**The scholarship period has closed**
Featuring 25 breakout sessions offering variety of topics
We welcome keynote speaker Nubia Peña (see bio), training and prevention education specialist of the Utah Coalition Against Sexual Assault and program coordinator for Racially Just Utah Coalition. Anti-sexual violence advocates and community partners must be aware of current issues that increase a youth’s vulnerability to perpetration in order to create innovative and relevant ways of engaging with targeted youth. This presentation will provide an overview of the school-to-prison pipeline (STPP) and the various intersections of vulnerability that increase a child’s risk of victimization. In addition, advocates will be encouraged to get involved in mitigating STPP issues to increase protective factors within schools by addressing policy change and reform.
We welcome keynote speaker Dr. Eddie Moore Jr. (see bio), founder of The White Privilege Institute and founder/program director of the White Privilege Conference. Dr. Moore will present Diversity, Privilege and Leadership: Are We Making Any Progress in the 21st Century? This interactive, informational, challenging and energetic session examines and explores issues of diversity, privilege, oppression and leadership across America. We all have an excellent opportunity to be positive role models, powerful decision makers, and effective agents of change, if we have the tools. Are we making any progress?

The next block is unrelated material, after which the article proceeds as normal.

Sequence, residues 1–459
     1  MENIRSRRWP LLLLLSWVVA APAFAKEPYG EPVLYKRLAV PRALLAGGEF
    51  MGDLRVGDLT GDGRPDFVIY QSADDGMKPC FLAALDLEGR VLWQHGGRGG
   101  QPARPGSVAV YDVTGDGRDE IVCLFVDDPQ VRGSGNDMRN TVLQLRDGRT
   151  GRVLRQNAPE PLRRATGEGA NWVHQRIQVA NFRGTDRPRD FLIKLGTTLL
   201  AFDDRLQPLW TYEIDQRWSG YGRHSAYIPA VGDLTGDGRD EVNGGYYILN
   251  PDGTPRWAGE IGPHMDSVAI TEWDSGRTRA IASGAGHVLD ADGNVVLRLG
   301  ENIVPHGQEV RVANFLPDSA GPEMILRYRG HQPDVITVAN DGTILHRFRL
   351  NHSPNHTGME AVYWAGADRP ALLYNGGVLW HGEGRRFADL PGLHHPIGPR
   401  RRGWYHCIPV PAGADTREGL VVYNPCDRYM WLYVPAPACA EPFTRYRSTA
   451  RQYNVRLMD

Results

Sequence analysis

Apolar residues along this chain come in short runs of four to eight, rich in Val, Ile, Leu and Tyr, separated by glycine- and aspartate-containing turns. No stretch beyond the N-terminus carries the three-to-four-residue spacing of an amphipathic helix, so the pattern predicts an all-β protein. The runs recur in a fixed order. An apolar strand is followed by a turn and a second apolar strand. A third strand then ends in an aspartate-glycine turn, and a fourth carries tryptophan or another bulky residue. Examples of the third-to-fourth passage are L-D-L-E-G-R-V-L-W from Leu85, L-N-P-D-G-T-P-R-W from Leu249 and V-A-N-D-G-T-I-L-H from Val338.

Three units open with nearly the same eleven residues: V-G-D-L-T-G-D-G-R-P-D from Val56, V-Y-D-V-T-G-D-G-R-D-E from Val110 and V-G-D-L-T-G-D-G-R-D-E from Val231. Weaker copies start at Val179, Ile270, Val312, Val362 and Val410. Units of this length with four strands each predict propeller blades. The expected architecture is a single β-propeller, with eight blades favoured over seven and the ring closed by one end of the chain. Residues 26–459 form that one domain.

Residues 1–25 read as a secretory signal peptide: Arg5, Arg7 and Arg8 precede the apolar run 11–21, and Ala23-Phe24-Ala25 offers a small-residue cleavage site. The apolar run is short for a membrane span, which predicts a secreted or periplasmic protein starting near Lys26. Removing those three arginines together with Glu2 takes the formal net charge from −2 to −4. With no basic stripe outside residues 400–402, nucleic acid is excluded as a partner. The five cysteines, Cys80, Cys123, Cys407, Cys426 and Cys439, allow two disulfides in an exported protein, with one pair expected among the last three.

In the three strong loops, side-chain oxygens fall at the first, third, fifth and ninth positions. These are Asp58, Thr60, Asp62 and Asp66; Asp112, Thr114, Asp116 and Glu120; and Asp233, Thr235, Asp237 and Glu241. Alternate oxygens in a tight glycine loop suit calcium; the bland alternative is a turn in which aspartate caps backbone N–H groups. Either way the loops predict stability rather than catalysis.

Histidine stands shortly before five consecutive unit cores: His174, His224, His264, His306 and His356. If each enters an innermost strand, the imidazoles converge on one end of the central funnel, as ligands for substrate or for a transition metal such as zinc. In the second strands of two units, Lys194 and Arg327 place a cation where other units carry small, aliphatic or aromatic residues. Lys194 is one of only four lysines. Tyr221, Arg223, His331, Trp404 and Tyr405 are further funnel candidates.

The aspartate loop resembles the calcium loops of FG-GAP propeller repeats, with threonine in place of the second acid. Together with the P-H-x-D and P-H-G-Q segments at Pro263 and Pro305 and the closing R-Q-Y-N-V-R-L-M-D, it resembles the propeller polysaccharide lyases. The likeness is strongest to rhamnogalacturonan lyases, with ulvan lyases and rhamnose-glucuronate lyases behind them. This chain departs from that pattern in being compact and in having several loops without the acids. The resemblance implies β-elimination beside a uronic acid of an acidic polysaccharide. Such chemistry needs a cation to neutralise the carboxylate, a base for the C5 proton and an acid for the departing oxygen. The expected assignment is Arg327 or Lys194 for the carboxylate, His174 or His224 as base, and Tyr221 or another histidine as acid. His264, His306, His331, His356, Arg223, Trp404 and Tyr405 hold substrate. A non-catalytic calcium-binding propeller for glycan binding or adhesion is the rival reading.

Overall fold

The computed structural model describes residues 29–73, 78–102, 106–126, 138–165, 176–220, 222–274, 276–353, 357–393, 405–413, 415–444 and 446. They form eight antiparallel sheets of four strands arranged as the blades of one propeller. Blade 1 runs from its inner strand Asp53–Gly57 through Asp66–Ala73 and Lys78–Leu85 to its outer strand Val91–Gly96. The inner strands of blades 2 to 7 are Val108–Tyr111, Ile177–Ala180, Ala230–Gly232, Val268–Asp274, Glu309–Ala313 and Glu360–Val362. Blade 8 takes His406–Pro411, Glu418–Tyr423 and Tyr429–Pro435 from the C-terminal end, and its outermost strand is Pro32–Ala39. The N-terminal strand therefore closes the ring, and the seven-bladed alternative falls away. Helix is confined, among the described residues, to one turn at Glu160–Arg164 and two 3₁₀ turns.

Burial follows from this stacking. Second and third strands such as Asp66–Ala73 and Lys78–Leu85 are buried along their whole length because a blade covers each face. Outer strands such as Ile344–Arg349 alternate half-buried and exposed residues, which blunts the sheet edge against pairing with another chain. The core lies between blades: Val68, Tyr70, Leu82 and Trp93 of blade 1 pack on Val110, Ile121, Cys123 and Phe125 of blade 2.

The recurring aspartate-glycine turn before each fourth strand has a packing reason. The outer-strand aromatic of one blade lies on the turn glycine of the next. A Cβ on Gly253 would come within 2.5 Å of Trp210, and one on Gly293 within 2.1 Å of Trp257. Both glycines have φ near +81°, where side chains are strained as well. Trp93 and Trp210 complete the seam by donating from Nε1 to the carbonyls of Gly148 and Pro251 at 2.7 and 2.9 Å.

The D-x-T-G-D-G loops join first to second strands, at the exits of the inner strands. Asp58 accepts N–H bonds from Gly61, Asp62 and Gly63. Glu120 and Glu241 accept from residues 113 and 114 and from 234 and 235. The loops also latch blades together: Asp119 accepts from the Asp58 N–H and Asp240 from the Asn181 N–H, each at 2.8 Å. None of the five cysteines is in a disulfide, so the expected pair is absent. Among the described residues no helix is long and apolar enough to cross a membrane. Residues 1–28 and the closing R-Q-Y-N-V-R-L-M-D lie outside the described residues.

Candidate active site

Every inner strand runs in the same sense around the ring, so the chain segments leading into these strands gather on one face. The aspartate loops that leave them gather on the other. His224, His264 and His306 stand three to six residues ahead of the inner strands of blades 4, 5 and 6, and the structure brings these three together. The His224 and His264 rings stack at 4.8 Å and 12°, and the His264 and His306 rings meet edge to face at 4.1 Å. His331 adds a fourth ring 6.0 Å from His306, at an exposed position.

During lunch, WCASA will present the Voices of Courage Awards, which recognize individuals whose work and commitment to ending sexual violence goes above and beyond what is expected of them. See the link above if you are interested in nominating someone.
The Wisconsin Coalition Against Sexual Assault (WCASA) is a statewide organization incorporated in 1985 to support and complement the work of Wisconsin’s community-based sexual assault service provider programs and other organizations working to end sexual violence. WCASA works in collaboration with communities throughout the state to support existing services to victims/survivors of sexual violence, to plan for the development of new services, to create and support community prevention efforts, and to stimulate community ownership of the issue of sexual violence.
Our work encompasses both intervention and prevention. For sexual violence to be eradicated, it must be met with a comprehensive response; this includes interceding where violence is happening to provide safety, support, and resources to those impacted by it (intervention), as well as educational outreach and social climate change which informs behavioral choices people make and precludes sexual violence from occurring in the first place (prevention). We see these activities as two sides of the same coin.